MONKEYKNUCkLER was to NFH as Spock was to his evil, bearded doppelganger in that one Star Trek episode.

When this self described “flower duo” weren’t writing thrash songs, Benji and Rob were peering into the inviting glow of Cool Edit 96, gleaming through a CRT monitor at Rob’s parent’s house; feverishly handcrafting beats to accompany a flurry of ring-modded synthesizer and the occasional, misplaced guitar melody.

From here you see the birth of their solo projects Pink Panzer, Kitty Kadoogal, and Bornpilot. What these two could do with antiquated, single-track recording software and some junk samples they found around the internet was truly awe inspiring. In fact, they inspired me to pursue Welcome Wizard (or Welcome Fetus, as it was known at the time).

The majority of the songs were constructed by cutting and pasting together WAV files before passing them through whatever rudimentary effects Cool Edit offered. It was painstaking, sometimes terrible, but always impressive.

Rob was an excellent noise musician. I have frequently found myself turning off his albums mid way due to some emotional reaction generated by the sound. The emotion was usually fear, induced either through a wall of Merzbow-esque speaker destruction, or by a lonely, minimalist repetition of foreign sounds that went on so long my mind began to wander a plane of a far away planet, alone in the cold darkness.

In contrast, Benji always had pop sensibility and brought a bit of IDM to the table. The beats were usually constructed in a drum machine and (seriously) deconstructed by hand, producing an almost humorous rhythm to what I always interpreted as a malicious intent to harm. The seamless conjunction of these two distinct approaches have always kept MONKEYKNUCkLER near to my heart, and the shoulder where I have tattooed the cover of their first album.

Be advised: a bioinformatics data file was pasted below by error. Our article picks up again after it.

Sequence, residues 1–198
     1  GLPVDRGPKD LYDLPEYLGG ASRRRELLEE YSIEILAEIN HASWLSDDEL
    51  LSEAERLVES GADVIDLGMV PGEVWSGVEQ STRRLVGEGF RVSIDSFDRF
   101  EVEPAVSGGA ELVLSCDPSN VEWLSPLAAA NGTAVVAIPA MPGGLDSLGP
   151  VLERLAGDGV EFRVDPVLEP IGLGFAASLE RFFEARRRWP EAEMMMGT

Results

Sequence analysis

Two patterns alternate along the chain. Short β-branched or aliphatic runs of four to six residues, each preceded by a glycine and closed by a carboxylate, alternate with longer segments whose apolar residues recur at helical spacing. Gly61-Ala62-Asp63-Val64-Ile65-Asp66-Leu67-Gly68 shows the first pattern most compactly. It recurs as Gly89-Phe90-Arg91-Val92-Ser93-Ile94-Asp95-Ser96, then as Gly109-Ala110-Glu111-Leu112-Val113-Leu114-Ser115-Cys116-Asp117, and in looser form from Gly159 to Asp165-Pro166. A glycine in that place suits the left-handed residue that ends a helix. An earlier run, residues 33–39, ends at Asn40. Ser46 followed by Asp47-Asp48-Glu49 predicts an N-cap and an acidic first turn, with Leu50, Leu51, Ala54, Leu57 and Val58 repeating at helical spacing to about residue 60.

To sum it up, I don’t feel safe listening to MONKEYKNUCkLER.

This anthology was never officially released. The first three songs were released on cassette. The rest were recovered from some hard drive by Benji, years later. None of it is normalized so you might notice your ears bleeding after listening to it on headphones.

Nuclear Family Holocaust – NFH I + II

I met Rob and Benji of Nuclear Family Holocaust the North Penn VFW in Glenside, PA, 16 years ago. My friend Joe Marlin was going to a show that night and I thought I’d tag along. Turned out that I was younger than pretty much everyone and felt a bit out of place. I was in full punk regalia but none-the-less stuck out like a sore thumb.

Joe immediately disappeared and I was left all alone. I decided to sit down next to a lanky, dark haired guy sitting behind a merch table. He seemed nice as I walked up. I struck up a conversation with him and he turned out to be anything but. Though standoffish and initially rude, he continued to talk to me while the bands set up. We talked about a lot of strange things. Cars powered by bagpipes. Record players in cars instead of CD players. Come to think about it, we talked a lot about cars. He told me he had a Chevy Nova. I honestly didn’t know what it was.

Soon a moon-faced, full-browed, sideburned acquaintance of his came up and told him it was time to play. “Oh, you’re playing the show?” I said to him. He kind of scoffed at the question and promptly followed his friend.

Then they started. They were perfect. They were the first thrash band I had ever seen. They were screaming about robots and Sci-Fi novels. My mind was blown.

Thankfully I was able to unearth a beautiful time capsule to help you experience it all the way I did.


Note: I just realized/remembered that the tracks are all crazy on NFH II. When I have a minute I’ll edit these down from the WAVs.

Note 2: I have never had a complete copy of this album. Powerhouse was sent to me in 128kbps MP3. If anyone has a better copy, I’m all for ripping that one.

Fat History Month – I Finally Understand What People Mean When They Say “Drifting”

I met Sean and Mark of Fat History Month in 2007 (probably) at The New Hawaii in Southington, CT, home of Florida = Death. They had hauled ass down from Boston to play with us.